For $20 and change, you can see one of the top bands in the UK when The Lathums make their stateside debut this week with shows at Milkboy in Philadelphia and Elsewhere in Brooklyn. The young band from Wigan, Greater Manchester, last fall released its debut album, “How Beautiful Life Can Be,” and the title proved immediately prophetic when it debuted atop the UK Albums Chart — taking over for Drake.

With comparisons to Mancunian icons The Smiths and modern stalwarts Arctic Monkeys, the British press have sung their praises while the band’s audience has grown from small pubs to major arenas and coveted festival slots. You can get a feel for their vibrant live show below with their recently released video of Alex Moore (singer/songwriter, guitar), Scott Concepcion (guitar), Johnny Cunliffe (bass) and Ryan Durrans (drums) performing “Fight On” at Victoria Warehouse in Manchester.

We recently chatted with Durrans over email about the band’s quick rise in the UK, its first trip to the US and what Wigan is all about.

When you released your debut album, what were your expectations as far as charts and sales? How did you react when it went to #1 in the UK?

We didn’t have very high expectations sales wise, but that wasn’t what we were focusing on. We were just happy to be sharing our art with the world, so to get a number 1 was mind-blowing for us all, especially considering the big names we were up against.

What is your writing process? Do you write separately? Together?

Alex is the main songwriter in the band. He will normally bring the songs into the rehearsal room and we build them from there, but there is also songs that have come from other members and Alex will do lyrics, so it’s a bit of a mix.

Your live shows are very energetic. What did you try to do with that energy in the studio? Harness it? Tame it down a bit?

We always give 100% no matter the location, but the studio is a different environment where you can focus more on getting your parts absolutely perfect and performing to your best technical ability, whereas live you’re there to put on a show and engage with everyone there, so the energy is always there but in different ways.

Heading into the release, you had already had some big moments, like your set at Kendal Calling and playing on Jools Holland. How would you describe those two experiences? What impact did they have on your career?

Those two things made things way more real for us, a first festival appearance and a first TV appearance are monumental milestones for anyone’s career, so I think it really set us up for what to expect out of the professional industry. There’s no feeling like seeing a venue at a festival the most packed it’s been all weekend for our first festival appearance. It’s something we will never forget.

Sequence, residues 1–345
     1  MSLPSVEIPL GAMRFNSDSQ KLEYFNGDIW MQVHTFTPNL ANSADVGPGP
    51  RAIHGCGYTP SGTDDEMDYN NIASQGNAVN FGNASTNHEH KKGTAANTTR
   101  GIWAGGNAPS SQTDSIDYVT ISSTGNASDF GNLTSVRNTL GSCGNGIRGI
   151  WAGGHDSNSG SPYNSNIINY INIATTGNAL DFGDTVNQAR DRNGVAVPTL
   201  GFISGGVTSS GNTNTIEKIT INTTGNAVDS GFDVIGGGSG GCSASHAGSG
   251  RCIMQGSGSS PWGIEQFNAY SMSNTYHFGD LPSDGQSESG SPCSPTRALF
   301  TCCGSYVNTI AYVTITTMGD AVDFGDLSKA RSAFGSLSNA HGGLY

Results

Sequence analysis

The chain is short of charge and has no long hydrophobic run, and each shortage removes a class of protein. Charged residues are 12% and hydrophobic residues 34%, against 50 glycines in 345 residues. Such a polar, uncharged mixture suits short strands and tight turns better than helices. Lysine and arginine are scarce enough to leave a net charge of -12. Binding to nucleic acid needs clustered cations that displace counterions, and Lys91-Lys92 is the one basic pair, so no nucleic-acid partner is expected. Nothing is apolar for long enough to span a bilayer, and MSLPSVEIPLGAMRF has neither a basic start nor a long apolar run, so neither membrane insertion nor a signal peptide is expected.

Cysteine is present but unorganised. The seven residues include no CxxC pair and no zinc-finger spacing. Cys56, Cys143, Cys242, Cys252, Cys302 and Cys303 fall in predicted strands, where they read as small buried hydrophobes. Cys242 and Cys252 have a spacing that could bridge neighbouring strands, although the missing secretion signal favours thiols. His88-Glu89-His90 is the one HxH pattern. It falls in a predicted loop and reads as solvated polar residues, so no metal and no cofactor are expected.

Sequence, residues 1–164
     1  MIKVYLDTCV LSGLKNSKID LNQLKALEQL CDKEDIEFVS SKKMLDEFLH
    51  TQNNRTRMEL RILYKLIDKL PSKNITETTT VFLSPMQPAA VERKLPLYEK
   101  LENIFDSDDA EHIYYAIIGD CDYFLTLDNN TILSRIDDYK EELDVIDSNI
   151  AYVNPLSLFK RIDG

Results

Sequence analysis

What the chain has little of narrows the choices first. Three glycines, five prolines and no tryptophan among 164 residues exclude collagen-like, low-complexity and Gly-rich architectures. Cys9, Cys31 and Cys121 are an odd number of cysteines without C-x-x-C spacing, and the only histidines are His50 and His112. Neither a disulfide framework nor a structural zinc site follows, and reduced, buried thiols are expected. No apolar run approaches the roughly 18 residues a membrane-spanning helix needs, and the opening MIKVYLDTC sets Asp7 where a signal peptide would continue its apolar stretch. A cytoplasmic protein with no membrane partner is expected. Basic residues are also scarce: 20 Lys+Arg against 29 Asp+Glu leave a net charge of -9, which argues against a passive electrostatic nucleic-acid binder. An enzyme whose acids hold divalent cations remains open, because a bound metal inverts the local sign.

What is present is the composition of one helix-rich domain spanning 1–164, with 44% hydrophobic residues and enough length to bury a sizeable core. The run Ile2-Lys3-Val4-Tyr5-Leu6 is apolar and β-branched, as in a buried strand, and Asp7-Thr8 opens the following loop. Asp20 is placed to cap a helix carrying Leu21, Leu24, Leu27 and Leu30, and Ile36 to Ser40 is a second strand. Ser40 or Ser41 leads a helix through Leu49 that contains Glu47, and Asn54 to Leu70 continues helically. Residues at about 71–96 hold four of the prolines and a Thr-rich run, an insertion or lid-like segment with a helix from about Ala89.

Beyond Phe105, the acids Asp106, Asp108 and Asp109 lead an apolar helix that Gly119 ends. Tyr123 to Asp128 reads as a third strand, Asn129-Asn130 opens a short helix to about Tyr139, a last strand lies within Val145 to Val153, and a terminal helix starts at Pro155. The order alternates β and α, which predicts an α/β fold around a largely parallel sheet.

A lot of Americans know about Manchester and the bands that came from there, but not Wigan, specifically. How would you describe Wigan?

Wigan is our lovely, small, old town in between Manchester and Liverpool famous for pie barms (a pie in a bun). A true Wiganer will have an accent so thick you’d need a Wiganeese dictionary to decipher what they’re saying.

What type of music scene was happening in Wigan when you were getting started?

When we started out there wasn’t too much going on. A few of our mates had bands but nothing big had come from Wigan for a while, but now there is a big buzz around Wigan with a load of amazing bands doing amazing things.

When the band first got together, who were some of your common influences?

There is a huge variety of musical influences within the band I (Ryan) like heavier music like Nirvana, Led Zeppelin; Johnny likes The Ramones, The Police; Scott likes The Smiths, The Beatles and Alex likes older music like Elvis and Roy Orbison, and we’re all always taking new inspiration.

Every few years, there’s talk that rock music and guitar music is dead. As a band that’s out there playing guitar rock, do you feel like you’re fighting an uphill battle?

I feel like the scene isn’t as big as it used to be, but as many of the greats have said, Rock and Roll will never die. As long as people keep playing and listening then that’s all we need, we’re here for the long run.

Have you been to the United States before?

None of us have ever been before so we’re going all out on our first trip.

What goals does the band have for the U.S. shows?

We want to share our music with the world and make even more people happy, hopefully we can gain some new fans and have some fun.

You have some major festival gigs this summer. How do you approach playing to massive crowds like that?

Festival season this year will be amazing for us, we’ve got some really good slots. Crowds don’t really bother us anymore, the bigger the better, we’re all about seeing those happy faces, so we’re pretty confident for those gigs.

Are you working on new material?

We’re always working on new material and adding to our catalog.

Photo by Ewan Ogden 

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